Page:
A small group of eight officials in the European External Action Service will engage in efforts to respond to massive Russian propaganda directed both at the home and international audiences.
European Commission spokesperson Catherine Ray confirmed yesterday (27 August) that the group will start work from 1 September. Eight people will initially make up the task force, officials said. No budget has been allocated and several of the task force members are detached national experts, paid by their countries.
Meeting on 19-20 March, EU leaders gave High Representative for Foreign Affairs Federica Mogherini three months to work out how to support media freedom and European values in Russia.
“The European Council stressed the need to challenge Russia’s ongoing disinformation campaigns and invited the High Representative, in cooperation with Member States and EU institutions, to prepare by June an action plan on strategic communication. The establishment of a communication team is a first step in this regard,” the summit conclusions said.
The EU efforts looks disproportionate in comparison to the Russian propaganda machine (see background). The reason is that the EU doesn’t want to engage in a Cold-War type of confrontation with Russia, officials say.
Initial plans to counter Russian propaganda included setting up of a “European Russian TV channel”, but EU institutions distanced themselves from the initiatives, leaving them to the member states that are willing to implement them.
The Netherlands commissioned a feasibility study on Russian language media initiatives, which was carried out via the European Endowment for Democracy, a EU initiative to foster democracy in the Union’s neighbourhood. The feasibility study, however, has served more as a starting point for discussions, rather than for concrete projects.
This has not prevented the Russian side from accusing the EU and the US for “plans to spend big money on Russian language info wars“. In fact, the EU has put no money into any such campaign, and the taskforce has been created within EEAS without any budget.
Officials told EURACTIV that the group will look into Russian propaganda and into the needs of journalists in the Eastern Partnership countries – Ukraine, Moldova, Belarus, Georgia, Armenia and Azerbaijan. The officials will be ready to communicate and help provide journalistic training, an activity the Commission has been engaged in anyway.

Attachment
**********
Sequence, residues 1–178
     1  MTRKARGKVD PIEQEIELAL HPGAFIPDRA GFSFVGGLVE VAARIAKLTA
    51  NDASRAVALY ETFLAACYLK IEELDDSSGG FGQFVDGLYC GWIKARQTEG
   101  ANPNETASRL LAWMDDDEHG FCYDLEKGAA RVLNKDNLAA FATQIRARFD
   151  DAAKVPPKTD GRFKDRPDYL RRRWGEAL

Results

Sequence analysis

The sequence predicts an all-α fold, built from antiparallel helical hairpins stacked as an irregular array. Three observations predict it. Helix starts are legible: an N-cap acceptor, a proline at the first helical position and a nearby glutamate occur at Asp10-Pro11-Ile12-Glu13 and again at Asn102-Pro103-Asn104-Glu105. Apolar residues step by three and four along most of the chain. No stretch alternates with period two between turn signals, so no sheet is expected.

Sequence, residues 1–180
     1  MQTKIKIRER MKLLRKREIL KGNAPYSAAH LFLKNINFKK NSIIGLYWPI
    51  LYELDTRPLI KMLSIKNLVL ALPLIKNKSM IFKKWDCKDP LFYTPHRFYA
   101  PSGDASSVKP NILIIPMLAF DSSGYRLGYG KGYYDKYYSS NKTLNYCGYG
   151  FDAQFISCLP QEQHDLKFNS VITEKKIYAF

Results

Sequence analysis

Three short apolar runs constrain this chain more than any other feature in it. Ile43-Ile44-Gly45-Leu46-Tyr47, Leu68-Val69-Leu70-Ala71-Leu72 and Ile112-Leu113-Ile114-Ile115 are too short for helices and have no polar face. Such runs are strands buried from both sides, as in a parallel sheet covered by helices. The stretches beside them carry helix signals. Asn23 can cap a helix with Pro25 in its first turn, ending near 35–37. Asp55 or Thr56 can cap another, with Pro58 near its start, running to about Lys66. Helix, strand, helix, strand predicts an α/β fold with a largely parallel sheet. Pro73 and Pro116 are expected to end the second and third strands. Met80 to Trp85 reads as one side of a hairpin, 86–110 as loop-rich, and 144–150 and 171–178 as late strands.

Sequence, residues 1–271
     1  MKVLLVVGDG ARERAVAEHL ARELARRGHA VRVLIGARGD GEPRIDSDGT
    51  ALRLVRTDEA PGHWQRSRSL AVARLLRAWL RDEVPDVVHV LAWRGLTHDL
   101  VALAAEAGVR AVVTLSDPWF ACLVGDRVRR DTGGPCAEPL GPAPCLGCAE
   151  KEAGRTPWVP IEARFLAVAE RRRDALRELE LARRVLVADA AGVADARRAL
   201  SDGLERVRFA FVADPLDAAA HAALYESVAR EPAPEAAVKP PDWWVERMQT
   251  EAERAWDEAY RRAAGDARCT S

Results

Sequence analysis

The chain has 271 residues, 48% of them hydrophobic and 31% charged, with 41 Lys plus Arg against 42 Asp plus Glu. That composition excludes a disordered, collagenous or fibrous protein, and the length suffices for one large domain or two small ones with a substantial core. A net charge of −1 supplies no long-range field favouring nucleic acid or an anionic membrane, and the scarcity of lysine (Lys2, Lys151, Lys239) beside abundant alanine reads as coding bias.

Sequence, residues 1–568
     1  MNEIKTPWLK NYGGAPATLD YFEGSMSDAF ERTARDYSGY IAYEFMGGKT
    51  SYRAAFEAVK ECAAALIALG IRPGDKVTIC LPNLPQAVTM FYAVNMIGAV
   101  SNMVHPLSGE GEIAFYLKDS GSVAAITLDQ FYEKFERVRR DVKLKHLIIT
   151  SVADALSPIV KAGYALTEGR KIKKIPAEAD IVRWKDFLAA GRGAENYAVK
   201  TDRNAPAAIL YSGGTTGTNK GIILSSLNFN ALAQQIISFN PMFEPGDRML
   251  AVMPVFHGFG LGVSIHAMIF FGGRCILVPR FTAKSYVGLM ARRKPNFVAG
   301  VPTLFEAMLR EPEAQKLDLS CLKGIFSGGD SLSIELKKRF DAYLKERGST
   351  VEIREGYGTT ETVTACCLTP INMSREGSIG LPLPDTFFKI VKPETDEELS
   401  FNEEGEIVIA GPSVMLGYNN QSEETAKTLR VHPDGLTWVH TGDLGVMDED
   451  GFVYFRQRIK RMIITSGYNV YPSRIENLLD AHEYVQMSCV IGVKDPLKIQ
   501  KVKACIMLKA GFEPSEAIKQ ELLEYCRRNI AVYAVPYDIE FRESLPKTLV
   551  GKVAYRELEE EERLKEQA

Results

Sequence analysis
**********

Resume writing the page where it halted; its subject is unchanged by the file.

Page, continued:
In the Eastern Partnership countries, media which have Russian language versions could also get assistance, in an effort to reach Russian-speaking audiences, EURACTIV was told.
But experts were unable to say whether the new task force will look into Russian broadcasters registered in the UK or Sweden, targeting the audiences of the Baltic countries. Media regulators in those EU countries have so far turned a blind eye to those activities.
Latvia has questioned whether it was normal that a Russian channel targeting its home market was registered and regulated in the UK or Sweden, and whether such practices were in accordance with the Audiovisual Media Services Directive (AVMSD).
Russian domestic television, under strong state control, has portrayed the pro-Russian insurrection in eastern Ukraine as a spontaneous reaction to a coup by nationalist Ukrainian forces in Kyiv. The West accuses Moscow of fomenting the fighting, providing arms and troops - something the Kremlin denies.
Russian government-funded TV stations, like RT, broadcasting in English, Spanish, Arabic, German and French have been steadily expanding their operations. Many Western broadcasters cut back their Russian-language services after the Cold War.
Last November, Russia launched a state-of-the-art media organization with hundreds of journalists abroad intended to wean the world off what it called aggressive Western propaganda - dubbing it, with echoes of the Cold War, Sputnik.